We planted the last prairie field this weekend — here’s Marcie’s post about the whole thing.
We rassled with the manual for the Truax Flex style drill — the model number of the one we were messing with was FLX-88, but I think these comments apply to any FLX model grass drill made by Truax. The problem I had was that the manual for that drill is written for people who aren’t idiots. The audience for the manual probably care about the stuff that’s in it, but all I wanted to do was hook up the drill, put seed in and plant. The manual doesn’t help with that at all, so this is my replacement — mostly for the next time I use the drill, but maybe it will help you too.
Puzzle Number One – What are the “transport locks” they’re talking about?
The manual has a dreadful picture (and only one) of the transport locks. So here are a few more, that make it obvious what’s going on.
This picture mirrors the one in the manual;
This picture shows the lock turned so that you can see it. Ok, so those have to come off before you start using the drill. Hook up hydraulics, raise the drill a little, take the blocks out. I get that.
Puzzle Number Two – Storing the trailer jack
Here’s just a stupid thing — I found it was a lot easier to rotate the jack and leave it on the drill than to pull it off. All the holes are set up for that. Here are two pictures to show you what I’m talking about.
Puzzle Number Three – Making the drill actually work
I had a heck of a time figuring this out. Fortunately Dan Olson was home and clued me in. But the manual provided no hint. Here’s the deal.
There’s a little pin on the drive wheel that makes this happen. Here’s a photo of the pin the way we got the trailer. See? It’s pulled further out;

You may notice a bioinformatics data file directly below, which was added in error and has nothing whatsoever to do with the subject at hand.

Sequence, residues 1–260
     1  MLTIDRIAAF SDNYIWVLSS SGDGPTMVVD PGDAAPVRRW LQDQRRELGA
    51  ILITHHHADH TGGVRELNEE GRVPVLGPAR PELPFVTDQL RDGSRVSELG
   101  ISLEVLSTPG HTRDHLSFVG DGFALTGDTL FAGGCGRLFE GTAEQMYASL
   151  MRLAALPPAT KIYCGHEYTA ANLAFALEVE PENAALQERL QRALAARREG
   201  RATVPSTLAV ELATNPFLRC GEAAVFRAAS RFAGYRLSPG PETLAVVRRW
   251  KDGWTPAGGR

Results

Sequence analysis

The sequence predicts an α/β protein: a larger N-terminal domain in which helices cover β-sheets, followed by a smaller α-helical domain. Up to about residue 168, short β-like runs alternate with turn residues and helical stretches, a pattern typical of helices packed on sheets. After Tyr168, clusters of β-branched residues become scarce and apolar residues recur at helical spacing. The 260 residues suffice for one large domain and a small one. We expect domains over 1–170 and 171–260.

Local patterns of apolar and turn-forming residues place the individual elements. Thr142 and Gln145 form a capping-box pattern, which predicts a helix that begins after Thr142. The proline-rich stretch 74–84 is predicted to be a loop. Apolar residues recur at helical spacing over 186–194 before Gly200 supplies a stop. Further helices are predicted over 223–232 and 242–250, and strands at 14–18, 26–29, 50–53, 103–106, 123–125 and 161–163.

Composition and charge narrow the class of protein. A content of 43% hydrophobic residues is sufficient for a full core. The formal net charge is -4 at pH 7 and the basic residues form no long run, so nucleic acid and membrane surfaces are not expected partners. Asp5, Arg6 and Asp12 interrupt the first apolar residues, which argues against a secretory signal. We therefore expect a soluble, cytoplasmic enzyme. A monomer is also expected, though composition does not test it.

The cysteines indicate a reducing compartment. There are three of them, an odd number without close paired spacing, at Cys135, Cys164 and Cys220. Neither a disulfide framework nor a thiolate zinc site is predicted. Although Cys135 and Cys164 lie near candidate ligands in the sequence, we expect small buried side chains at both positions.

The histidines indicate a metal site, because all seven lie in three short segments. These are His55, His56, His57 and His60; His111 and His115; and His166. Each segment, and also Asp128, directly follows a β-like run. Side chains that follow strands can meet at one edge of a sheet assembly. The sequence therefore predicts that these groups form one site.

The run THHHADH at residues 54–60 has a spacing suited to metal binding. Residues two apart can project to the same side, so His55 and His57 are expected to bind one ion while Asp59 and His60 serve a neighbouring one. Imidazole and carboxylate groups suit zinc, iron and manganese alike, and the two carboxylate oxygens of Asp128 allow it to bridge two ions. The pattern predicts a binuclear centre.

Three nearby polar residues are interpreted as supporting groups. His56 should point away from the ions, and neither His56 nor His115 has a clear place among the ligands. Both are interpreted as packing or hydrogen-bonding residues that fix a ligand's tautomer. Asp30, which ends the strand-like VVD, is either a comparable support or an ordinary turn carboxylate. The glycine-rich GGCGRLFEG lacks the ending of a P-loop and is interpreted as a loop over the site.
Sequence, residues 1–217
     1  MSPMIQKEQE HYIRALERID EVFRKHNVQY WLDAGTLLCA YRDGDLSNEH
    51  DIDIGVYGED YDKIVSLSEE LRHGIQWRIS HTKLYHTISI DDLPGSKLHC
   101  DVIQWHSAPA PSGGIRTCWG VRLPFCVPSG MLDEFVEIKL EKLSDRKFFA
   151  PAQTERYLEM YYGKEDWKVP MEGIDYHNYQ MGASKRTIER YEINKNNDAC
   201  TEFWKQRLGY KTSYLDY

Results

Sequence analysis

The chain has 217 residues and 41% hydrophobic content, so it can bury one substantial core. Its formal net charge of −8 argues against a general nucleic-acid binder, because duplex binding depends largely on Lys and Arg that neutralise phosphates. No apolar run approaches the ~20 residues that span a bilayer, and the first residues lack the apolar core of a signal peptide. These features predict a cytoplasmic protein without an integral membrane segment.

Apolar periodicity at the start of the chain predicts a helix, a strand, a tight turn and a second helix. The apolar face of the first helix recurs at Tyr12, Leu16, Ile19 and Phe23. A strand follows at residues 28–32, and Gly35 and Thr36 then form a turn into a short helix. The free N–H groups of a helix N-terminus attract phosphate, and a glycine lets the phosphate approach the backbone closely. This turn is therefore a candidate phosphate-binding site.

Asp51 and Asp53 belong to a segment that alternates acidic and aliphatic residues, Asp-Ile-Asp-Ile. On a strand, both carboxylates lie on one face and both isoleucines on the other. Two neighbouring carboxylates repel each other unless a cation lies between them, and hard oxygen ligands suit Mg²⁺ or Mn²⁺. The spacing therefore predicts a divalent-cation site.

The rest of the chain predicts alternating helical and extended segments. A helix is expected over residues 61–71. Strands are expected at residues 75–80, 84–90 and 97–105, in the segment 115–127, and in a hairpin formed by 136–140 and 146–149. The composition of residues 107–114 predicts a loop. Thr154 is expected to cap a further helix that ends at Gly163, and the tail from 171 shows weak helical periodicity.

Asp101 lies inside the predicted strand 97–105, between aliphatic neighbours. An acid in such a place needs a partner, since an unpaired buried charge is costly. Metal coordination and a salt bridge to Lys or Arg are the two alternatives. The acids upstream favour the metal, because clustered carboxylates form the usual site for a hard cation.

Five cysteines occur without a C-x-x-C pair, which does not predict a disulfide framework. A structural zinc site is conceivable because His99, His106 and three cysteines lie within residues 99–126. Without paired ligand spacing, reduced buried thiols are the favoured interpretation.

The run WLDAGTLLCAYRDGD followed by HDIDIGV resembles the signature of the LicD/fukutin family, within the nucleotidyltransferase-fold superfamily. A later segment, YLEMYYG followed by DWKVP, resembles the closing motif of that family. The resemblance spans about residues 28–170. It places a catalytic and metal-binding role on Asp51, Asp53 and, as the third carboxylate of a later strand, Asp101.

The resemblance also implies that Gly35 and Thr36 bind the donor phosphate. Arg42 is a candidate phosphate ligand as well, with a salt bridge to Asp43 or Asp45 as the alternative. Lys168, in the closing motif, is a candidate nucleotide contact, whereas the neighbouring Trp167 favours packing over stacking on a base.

And here’s a picture of it in the position where the chains and gears and stuff will actually do something. It’s further in;
Here are pictures of the back side of the wheel that shows the opposite end of that pin. This first photo is in the non-engaged position (the one you would use to tow the drill to a new place). When the wheel goes around, the pin missed that ratchet thingy and as a result none of the gears turn;
Here’s a picture of the engaged position. Now the pin sticks out far enough to catch that ratchet thingy and the gears and bobbins and whatchacallits all go round and round;
Warning Number One — Check the seeding rate that the drill is set up for
Sheesh. We didn’t check this before we started. The lads at the DNR told us that the drill was set up for the lowest seeding rate, and we believed them. Not. It was set for the MAXIMUM rate, so we dumped about a jillion dollars worth of seed into about a quarter mile of furrows before we realized what was going on. Moral to the story — ALWAYS check.
Here’s where to look — behind this here silvery dingus. It swings forward;
Here’s the little decoder-ring that tells you which way the gears work. Ours came with the chain on the far LEFT set of sprockets. For planting prairies you’ll probably want them on the far RIGHT set of sprockets;
We tried the drill on the far right side for a while and concluded that it was too light, so we moved up one notch. Here’s a picture of the way we had it set up;
You change the chain by lifting that little idler-wheel up off the chain, fiddling with the chain until it’s on the right pair of sprockets and then moving the idler over so that it centers on the chain in it’s new position. This is a picture showing how the idler swings up away from the chain;
Warning Number Two — Beware of the “small seed” box, it overfeeds
We wound up using the drill ONLY on fluffy seeds. The small-seed box fed the seeds WAY too fast, even on the slowest gearbox setting. If I wanted to make a lifetime hobby out of this drill, I would have fiddled with that adjustment too. But I don’t. If anybody has messed with that set-up and wants to add a comment to this, feel free. But we just skipped it.
Editorial Comment — None of this information is in the manual
I know that for farm-equipment hotrods, this looks like the ravings of an idiot. But me I’m just a weekend warrior and figure maybe you are too. In which case, this little write-up might save you some time and aggravation.
The big reward — here’s a picture of the field as I’m dragging the drill behind TracDor.